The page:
But then if you wanted to.
You could promote contacts into households and the households could then could be a grouping as an individual company and we also created a specific dedicated relationship.
Which allows you to keep your organization-based relationship and so now I'm going to look at a contact.
I can see that contact is part of the lead household, but then I can also see that that contact is also primary organization, Mission CRM and so you know the power of just that extra relationship.
Kind of really gave us a lot more flexibility on how to manage those specific relationships as well.
But I can't help but feel that whenever it comes to Dynamics, CRM and relationships, there's always some kind of a compromise, right?
Like in the design and the architecture. And you're always trying to weigh these different scenarios and, and I don't think we've ever seen the most ideal solution yet, but I think we've got pretty close to fund raising engagement at Mission CRM.
That's actually fascinating.
I love to see how the inner workings of those relationships play out, particularly from a user interface point of view, because I think several times, I've been guilty of coming up with a great design.
But when you go to implement it, it's actually a very confusing user interface that doesn't doesn't really help anybody or serving anybody.
And and you know what the other thing as well is like, like who's driving the design decisions because you know if you listen to the client like say it was a client-based delivery and it kind of goes back to that whole theme of.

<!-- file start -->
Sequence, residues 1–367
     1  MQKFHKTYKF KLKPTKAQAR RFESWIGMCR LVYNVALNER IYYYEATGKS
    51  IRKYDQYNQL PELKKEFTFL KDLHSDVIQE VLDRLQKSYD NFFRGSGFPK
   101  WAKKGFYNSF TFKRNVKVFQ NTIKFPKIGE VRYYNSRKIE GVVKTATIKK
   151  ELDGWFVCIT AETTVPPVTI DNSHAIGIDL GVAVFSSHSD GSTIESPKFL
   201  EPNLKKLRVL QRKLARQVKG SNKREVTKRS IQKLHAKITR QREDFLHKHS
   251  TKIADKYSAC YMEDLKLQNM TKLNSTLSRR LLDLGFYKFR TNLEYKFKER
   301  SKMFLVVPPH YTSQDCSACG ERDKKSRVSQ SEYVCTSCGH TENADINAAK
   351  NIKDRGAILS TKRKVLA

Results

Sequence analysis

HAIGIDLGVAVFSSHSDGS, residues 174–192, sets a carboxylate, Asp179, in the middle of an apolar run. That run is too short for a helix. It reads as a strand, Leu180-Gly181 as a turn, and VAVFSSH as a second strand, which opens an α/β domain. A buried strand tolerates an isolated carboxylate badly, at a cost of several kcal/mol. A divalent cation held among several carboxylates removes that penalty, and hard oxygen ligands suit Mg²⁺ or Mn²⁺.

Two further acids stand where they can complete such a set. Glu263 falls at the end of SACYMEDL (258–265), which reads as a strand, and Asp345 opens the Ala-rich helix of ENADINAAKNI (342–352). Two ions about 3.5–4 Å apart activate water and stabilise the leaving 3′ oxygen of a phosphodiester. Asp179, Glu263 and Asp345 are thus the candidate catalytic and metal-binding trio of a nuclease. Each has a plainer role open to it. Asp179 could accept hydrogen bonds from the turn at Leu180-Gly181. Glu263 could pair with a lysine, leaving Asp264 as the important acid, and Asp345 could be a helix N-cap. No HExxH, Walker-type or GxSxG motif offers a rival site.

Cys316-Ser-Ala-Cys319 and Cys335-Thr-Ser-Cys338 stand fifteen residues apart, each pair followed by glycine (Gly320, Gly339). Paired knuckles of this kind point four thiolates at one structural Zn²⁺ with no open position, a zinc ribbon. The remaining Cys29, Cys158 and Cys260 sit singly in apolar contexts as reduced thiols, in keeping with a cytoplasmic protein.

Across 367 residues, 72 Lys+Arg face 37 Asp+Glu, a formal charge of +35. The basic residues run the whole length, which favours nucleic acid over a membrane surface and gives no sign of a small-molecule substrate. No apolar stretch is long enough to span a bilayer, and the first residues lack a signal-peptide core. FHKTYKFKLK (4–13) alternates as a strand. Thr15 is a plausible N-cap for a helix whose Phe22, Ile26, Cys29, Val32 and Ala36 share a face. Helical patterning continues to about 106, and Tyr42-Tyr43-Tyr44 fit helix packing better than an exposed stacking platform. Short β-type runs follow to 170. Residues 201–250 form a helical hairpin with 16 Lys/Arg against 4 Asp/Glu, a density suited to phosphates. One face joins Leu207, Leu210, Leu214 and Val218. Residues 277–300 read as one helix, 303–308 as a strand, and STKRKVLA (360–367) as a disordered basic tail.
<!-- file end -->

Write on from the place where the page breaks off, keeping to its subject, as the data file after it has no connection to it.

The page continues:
If you're developing or the customers driving the development, they'll have very specific needs, which in their mind are universal.
Everyone should be doing it like this, right?
And that's never typically the case.
So, one of the things that that we've done and backs like the agile methodology is if we don't know the answer then let's just go implement less code, less development, but more easy to use, universally acceptable from an interface standpoint, because although we might not be getting as much information, we're getting it like 99% more consistently. We would go down that road. Release, review, feedback and then layer on an.
I think that's where that agile approach really benefits to you like anyone like.
If I did the design right now that design is outdated by the time I go and deploy it.
So so instead of trying to forward think all these scenarios, let's see how things organically evolve.
By not pinning ourselves into a design decision from the get go that were then having to unpick and they were having to then deal with the data ramifications as a result of it right so.
I think you're right.
I think the best way to figure out if a feature is appropriately designed is not to have six architects review it.
It's to have put it into production in six different places and see how the users adopted.
It's exactly, and if you're worried about things being too complex too ... then don't design complexity like reduce the functionality.
See, but ensure the flexibility right and and and then you're not boxing yourself into any corners.
Thinking about licensing and application.
Microsoft got … I don't want to turn this into an episode about Microsoft licensing, but they've got their own licensing model and it's generally per user based, has Mission CRM followed that pattern with its own application licensing or have you gone for something much more creative than that?
So, we we spent a lot of time trying to figure this out right.
Originally were per user.
But then it was like what about organizations that don't all do fund raising and you know they're like case management and some fund raising. It is unfair for them to pay for like 100 users permission CRM if there's only 20 of them that are actually doing it. And so, so what we've done for our existing clients is we kind of just like dynamics was originally like an honor based.
Like licensing, where effectively is the number of fund-raising users that you have in the system.